JD Supra does not sell, rent or otherwise provide your details to third parties, other than to the authors of the content on JD Supra.

If you prefer not to enable cookies, you may change your browser settings to disable cookies; however, please note that rejecting cookies while visiting the Website may result in certain parts of the Website not operating correctly or as efficiently as if cookies were allowed.

Email Choice/Opt-out

Users who opt in to receive emails may choose to no longer receive e-mail updates and newsletters by selecting the "opt-out of future email" option in the email they receive from JD Supra or in their JD Supra account management screen.

Security

JD Supra takes reasonable precautions to insure that user information is kept private. We restrict access to user information to those individuals who reasonably need access to perform their job functions, such as our third party email service, customer service personnel and technical staff. However, please note that no method of transmitting or storing data is completely secure and we cannot guarantee the security of user information. Unauthorized entry or use, hardware or software failure, and other factors may compromise the security of user information at any time.

If you have reason to believe that your interaction with us is no longer secure, you must immediately notify us of the problem by contacting us at info@jdsupra.com. In the unlikely event that we believe that the security of your user information in our possession or control may have been compromised, we may seek to notify you of that development and, if so, will endeavor to do so as promptly as practicable under the circumstances.

Sharing and Disclosure of Information JD Supra Collects

Except as otherwise described in this privacy statement, JD Supra will not disclose personal information to any third party unless we believe that disclosure is necessary to: (1) comply with applicable laws; (2) respond to governmental inquiries or requests; (3) comply with valid legal process; (4) protect the rights, privacy, safety or property of JD Supra, users of the Service, Website visitors or the public; (5) permit us to pursue available remedies or limit the damages that we may sustain; and (6) enforce our Terms & Conditions of Use.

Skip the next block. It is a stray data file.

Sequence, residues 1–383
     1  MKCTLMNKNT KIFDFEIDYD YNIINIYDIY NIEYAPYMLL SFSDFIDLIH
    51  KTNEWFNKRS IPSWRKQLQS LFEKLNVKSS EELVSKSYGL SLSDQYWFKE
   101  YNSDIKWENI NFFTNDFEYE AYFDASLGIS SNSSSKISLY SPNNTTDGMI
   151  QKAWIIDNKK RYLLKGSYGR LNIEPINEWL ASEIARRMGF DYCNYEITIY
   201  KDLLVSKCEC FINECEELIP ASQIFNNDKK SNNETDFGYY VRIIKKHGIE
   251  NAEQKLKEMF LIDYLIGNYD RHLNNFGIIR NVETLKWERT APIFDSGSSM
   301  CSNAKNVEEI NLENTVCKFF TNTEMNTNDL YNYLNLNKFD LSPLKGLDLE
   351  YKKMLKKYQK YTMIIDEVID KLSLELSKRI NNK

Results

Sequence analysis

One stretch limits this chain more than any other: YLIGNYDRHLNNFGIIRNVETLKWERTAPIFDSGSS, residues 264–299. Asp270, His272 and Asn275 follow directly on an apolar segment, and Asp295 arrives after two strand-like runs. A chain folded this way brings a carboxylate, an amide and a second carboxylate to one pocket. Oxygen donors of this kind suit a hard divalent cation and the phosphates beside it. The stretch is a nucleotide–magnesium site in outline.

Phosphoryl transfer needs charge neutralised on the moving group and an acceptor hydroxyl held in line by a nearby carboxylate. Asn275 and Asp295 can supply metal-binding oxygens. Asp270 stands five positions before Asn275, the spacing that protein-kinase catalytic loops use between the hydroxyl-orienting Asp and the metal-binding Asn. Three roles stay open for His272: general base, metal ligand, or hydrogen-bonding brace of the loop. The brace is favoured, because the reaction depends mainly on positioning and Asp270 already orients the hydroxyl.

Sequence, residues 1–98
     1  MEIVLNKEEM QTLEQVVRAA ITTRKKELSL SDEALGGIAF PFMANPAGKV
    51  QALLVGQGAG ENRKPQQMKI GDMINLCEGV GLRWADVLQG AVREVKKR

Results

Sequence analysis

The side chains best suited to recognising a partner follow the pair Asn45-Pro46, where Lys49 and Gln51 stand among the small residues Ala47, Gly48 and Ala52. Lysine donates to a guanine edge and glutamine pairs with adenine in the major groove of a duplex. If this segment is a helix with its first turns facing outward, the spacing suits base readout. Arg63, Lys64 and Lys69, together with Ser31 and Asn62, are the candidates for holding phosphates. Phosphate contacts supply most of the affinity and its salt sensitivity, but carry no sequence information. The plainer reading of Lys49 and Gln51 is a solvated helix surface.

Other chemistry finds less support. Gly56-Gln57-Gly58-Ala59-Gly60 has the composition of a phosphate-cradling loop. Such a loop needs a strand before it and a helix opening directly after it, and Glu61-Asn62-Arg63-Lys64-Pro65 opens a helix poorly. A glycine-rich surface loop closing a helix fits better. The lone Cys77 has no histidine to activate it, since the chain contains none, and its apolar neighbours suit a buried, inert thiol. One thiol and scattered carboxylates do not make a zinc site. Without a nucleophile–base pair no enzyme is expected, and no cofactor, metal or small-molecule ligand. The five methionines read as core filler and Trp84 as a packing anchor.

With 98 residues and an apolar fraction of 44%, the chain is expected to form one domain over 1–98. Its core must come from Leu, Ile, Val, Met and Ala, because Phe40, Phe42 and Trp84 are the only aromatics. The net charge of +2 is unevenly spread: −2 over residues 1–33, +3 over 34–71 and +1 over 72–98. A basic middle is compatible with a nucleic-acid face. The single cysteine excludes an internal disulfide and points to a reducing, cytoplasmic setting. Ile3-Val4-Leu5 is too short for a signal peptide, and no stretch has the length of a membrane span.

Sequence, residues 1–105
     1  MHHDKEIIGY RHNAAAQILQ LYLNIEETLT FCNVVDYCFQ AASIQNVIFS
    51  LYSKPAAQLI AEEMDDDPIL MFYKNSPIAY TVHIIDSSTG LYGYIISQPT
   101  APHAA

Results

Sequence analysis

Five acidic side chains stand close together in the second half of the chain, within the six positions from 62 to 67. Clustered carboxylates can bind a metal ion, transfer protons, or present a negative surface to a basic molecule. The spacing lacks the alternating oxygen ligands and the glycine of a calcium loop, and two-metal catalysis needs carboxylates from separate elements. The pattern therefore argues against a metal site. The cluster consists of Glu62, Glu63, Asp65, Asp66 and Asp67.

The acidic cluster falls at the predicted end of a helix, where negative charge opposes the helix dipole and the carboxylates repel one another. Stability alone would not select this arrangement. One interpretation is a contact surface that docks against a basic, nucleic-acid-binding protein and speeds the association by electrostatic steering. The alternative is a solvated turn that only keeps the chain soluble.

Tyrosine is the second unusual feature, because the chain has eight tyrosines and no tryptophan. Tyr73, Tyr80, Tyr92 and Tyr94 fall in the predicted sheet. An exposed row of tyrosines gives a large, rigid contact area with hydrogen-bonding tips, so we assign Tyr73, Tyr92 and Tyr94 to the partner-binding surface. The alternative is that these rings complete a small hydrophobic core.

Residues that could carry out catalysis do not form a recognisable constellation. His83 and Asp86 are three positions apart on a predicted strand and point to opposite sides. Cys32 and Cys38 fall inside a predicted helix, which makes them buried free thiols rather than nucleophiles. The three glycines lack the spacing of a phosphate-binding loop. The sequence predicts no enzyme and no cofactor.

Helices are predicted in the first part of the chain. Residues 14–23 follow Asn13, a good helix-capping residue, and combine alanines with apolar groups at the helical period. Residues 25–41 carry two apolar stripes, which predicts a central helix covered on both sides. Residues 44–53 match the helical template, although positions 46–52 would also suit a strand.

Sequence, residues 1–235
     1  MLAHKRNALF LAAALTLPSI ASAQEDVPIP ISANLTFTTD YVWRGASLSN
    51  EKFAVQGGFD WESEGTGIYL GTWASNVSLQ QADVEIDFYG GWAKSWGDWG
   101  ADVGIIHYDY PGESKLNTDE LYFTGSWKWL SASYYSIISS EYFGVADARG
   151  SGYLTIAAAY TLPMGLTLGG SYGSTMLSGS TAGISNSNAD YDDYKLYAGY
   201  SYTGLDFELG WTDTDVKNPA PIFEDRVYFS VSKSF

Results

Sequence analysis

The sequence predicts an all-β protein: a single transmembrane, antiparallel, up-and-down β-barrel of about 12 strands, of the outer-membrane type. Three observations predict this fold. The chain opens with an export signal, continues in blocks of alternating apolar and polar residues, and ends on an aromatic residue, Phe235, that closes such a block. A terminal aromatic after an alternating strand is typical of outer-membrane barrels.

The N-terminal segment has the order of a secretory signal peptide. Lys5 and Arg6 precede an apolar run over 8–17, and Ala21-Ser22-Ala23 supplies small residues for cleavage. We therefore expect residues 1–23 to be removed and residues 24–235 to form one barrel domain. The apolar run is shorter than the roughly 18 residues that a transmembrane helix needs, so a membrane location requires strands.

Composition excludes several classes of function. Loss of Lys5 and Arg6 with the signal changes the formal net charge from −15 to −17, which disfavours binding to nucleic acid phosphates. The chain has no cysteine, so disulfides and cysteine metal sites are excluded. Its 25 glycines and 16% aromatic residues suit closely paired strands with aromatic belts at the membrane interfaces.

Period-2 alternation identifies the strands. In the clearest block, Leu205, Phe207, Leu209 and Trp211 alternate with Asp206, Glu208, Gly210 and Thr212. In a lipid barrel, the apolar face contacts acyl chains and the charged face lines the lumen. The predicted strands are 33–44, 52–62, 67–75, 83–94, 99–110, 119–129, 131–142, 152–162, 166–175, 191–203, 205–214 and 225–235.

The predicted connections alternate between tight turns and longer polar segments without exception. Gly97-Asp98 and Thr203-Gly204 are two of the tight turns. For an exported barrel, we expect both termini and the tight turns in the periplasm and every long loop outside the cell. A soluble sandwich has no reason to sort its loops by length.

In the event there is a change in the corporate structure of JD Supra such as, but not limited to, merger, consolidation, sale, liquidation or transfer of substantial assets, JD Supra may, in its sole discretion, transfer, sell or assign information collected on and through the Service to one or more affiliated or unaffiliated third parties.

Links to Other Websites

This Website and the Service may contain links to other websites. The operator of such other websites may collect information about you, including through cookies or other technologies. If you are using the Service through the Website and link to another site, you will leave the Website and this Policy will not apply to your use of and activity on those other sites. We encourage you to read the legal notices posted on those sites, including their privacy policies. We shall have no responsibility or liability for your visitation to, and the data collection and use practices of, such other sites. This Policy applies solely to the information collected in connection with your use of this Website and does not apply to any practices conducted offline or in connection with any other websites.

Changes in Our Privacy Policy

We reserve the right to change this Policy at any time. Please refer to the date at the top of this page to determine when this Policy was last revised. Any changes to our privacy policy will become effective upon posting of the revised policy on the Website. By continuing to use the Service or Website following such changes, you will be deemed to have agreed to such changes. If you do not agree with the terms of this Policy, as it may be amended from time to time, in whole or part, please do not continue using the Service or the Website.

Contacting JD Supra

If you have any questions about this privacy statement, the practices of this site, your dealings with this Web site, or if you would like to change any of the information you have provided to us, please contact us at: info@jdsupra.com.

- hide
*With LinkedIn, you don't need to create a separate login to manage your free JD Supra account, and we can make suggestions based on your needs and interests. We will not post anything on LinkedIn in your name. Or, sign up using your email address.